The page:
Other adverse reactions reported during therapy include isolated instances of skin eruptions, edema, minor menstrual irregularities, nausea and constipation, extrapyramidal symptoms, as well as increased and decreased libido. Such side effects have been infrequent, and are generally controlled with reduction of dosage. Changes in EEG patterns (low-voltage fast activity) have been observed in patients during and after chlordiazepoxide HCl treatment.

Blood dyscrasias (including agranulocytosis), jaundice and hepatic dysfunction have occasionally been reported during therapy. When chlordiazepoxide HCl treatment is protracted, periodic blood counts and liver function tests are advisable.

Precautions

In elderly and debilitated patients, it is recommended that the dosage be limited to the smallest effective amount to preclude the development of ataxia or oversedation (10 mg or less per day initially, to be increased gradually as needed and tolerated). In general, the concomitant administration of chlordiazepoxide HCl and other psychotropic agents is not recommended. If such combination therapy seems indicated, careful consideration should be given to the pharmacology of the agents to be employed — particularly when the known potentiating compounds such as MAO inhibitors and phenothiazines are to be used. The usual precautions in treating patients with impaired renal or hepatic function should be observed.

Paradoxical reactions, e.g., excitement, stimulation and acute rage, have been reported in psychiatric patients and in hyperactive aggressive pediatric patients, and should be watched for during chlordiazepoxide HCl therapy. The usual precautions are indicated when chlordiazepoxide HCl is used in the treatment of anxiety states where there is any evidence of impending depression; it should be borne in mind that suicidal tendencies may be present and protective measures may be necessary. Although clinical studies have not established a cause and effect relationship, physicians should be aware that variable effects on blood coagulation have been reported very rarely in patients receiving oral anticoagulants and chlordiazepoxide HCl. In view of isolated reports associating chlordiazepoxide with exacerbation of porphyria, caution should be exercised in prescribing chlordiazepoxide to patients suffering from this disease.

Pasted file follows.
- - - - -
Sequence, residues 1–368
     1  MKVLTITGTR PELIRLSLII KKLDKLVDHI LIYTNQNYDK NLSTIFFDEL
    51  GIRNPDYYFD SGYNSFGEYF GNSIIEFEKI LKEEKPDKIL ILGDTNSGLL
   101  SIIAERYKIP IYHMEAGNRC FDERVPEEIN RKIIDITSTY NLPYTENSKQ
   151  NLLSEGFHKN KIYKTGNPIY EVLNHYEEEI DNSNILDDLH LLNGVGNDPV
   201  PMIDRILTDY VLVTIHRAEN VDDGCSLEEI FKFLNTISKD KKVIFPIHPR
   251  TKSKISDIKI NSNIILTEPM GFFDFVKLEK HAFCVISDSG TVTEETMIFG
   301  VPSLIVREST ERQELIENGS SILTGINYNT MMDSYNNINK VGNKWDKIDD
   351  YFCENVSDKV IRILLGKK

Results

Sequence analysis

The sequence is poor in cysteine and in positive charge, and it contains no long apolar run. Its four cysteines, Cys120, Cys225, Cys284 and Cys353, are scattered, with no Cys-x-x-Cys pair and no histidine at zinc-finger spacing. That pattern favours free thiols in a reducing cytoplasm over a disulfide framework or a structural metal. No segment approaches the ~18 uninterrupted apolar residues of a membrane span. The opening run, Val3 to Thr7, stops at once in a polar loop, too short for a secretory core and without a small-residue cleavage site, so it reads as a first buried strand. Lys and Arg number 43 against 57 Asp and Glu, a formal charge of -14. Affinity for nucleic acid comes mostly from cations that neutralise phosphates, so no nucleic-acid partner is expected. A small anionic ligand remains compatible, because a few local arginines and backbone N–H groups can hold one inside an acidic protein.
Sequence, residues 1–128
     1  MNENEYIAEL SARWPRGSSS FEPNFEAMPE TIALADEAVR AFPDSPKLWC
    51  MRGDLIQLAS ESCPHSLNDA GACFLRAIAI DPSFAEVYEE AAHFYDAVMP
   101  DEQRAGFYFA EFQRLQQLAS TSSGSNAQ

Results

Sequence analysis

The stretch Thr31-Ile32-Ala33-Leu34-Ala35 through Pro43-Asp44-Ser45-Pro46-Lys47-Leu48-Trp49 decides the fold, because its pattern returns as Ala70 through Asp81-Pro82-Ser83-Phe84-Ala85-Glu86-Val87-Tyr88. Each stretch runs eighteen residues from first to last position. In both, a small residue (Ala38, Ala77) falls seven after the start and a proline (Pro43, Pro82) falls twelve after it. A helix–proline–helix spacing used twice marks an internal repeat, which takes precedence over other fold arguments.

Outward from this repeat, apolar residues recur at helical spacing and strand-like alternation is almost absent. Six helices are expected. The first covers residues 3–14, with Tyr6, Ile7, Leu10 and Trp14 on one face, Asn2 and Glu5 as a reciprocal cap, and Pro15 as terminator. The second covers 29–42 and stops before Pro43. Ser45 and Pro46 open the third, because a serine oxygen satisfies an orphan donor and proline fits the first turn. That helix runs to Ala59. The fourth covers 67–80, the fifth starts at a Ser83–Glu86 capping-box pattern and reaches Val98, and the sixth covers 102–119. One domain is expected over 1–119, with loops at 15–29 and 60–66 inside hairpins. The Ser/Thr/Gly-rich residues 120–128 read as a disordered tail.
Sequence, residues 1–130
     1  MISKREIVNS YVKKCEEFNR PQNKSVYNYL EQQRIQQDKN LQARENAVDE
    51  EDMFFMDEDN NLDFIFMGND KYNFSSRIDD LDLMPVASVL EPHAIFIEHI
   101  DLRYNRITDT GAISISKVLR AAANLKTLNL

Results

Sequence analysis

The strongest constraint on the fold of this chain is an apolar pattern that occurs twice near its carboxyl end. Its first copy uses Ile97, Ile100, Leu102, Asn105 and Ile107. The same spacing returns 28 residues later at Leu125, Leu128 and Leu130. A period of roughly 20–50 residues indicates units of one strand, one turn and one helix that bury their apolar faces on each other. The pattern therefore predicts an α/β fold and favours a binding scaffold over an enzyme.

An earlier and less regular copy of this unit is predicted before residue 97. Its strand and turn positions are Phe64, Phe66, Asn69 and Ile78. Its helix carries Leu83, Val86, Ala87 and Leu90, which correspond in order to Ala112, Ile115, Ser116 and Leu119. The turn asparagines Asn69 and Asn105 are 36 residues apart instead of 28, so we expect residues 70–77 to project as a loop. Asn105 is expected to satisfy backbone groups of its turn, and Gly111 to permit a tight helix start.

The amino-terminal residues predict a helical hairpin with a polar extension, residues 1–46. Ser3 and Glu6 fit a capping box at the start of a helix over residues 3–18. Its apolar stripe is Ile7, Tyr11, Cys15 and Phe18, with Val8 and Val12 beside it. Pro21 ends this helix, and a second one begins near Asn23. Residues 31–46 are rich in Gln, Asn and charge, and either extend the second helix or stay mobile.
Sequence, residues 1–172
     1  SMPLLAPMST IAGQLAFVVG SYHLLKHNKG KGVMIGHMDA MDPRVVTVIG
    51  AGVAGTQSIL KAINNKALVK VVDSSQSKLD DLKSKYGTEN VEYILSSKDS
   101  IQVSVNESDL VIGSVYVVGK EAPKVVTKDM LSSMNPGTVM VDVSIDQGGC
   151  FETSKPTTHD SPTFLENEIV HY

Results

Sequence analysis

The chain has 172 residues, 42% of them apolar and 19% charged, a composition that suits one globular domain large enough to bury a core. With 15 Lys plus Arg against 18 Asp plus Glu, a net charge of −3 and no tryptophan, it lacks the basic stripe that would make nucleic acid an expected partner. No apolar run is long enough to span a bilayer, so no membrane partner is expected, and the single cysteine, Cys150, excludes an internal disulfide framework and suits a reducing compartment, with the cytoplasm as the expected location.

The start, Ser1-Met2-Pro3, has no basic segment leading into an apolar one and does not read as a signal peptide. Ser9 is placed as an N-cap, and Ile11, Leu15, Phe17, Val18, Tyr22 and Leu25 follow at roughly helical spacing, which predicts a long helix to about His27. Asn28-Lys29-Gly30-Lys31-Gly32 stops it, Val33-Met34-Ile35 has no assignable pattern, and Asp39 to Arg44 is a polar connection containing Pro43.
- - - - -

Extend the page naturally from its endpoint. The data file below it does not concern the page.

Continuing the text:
Pediatric Use

Because of the varied response of pediatric patients to CNS-acting drugs, therapy should be initiated with the lowest dose and increased as required (see DOSAGE AND ADMINISTRATION). Since clinical experience with chlordiazepoxide HCl in pediatric patients under 6 years of age is limited, use in this age group is not recommended. Hyperactive aggressive pediatric patients should be monitored for paradoxical reactions to chlordiazepoxide HCl (see PRECAUTIONS).

Information for Patients

To assure the safe and effective use of benzodiazepines, patients should be informed that, since benzodiazepines may produce psychological and physical dependence, it is advisable that they consult with their physician before either increasing the dose or abruptly discontinuing this drug.

Interactions

No information available.

Overdose

Manifestations of chlordiazepoxide overdosage includes somnolence, confusion, coma and diminished reflexes. Respiration, pulse and blood pressure should be monitored, as in all cases of drug overdosage, although, in general, these effects have been minimal following chlordiazepoxide HCl overdosage. General supportive measures should be employed, along with immediate gastric lavage. Intravenous fluids should be administered and an adequate airway maintained. Hypotension may be combated by the use of norepinephrine or metaraminol. Dialysis is of limited value. There have been occasional reports of excitation in patients following chlordiazepoxide HCl overdosage; if this occurs barbiturates should not be used. As with the management of intentional overdosage with any drug, it should be borne in mind that multiple agents may have been ingested.

Flumazenil, a specific benzodiazepine-receptor antagonist, is indicated for the complete or partial reversal of the sedative effects of benzodiazepines and may be used in situations when an overdose with a benzodiazepine is known or suspected. Prior to the administration of flumazenil, necessary measures should be instituted to secure airway, ventilation and intravenous access. Flumazenil is intended as an adjunct to, not as a substitute for, proper management of benzodiazepine overdose. Patients treated with flumazenil should be monitored for resedation, respiratory depression and other residual benzodiazepine effects for an appropriate period after treatment. The prescriber should be aware of a risk of seizure in association with flumazenil treatment, particularly in long term benzodiazepine users and in cyclic antidepressant overdose. The complete flumazenil package insert, including CONTRAINDICATIONS, WARNINGS, and PRECAUTIONS, should be consulted prior to use.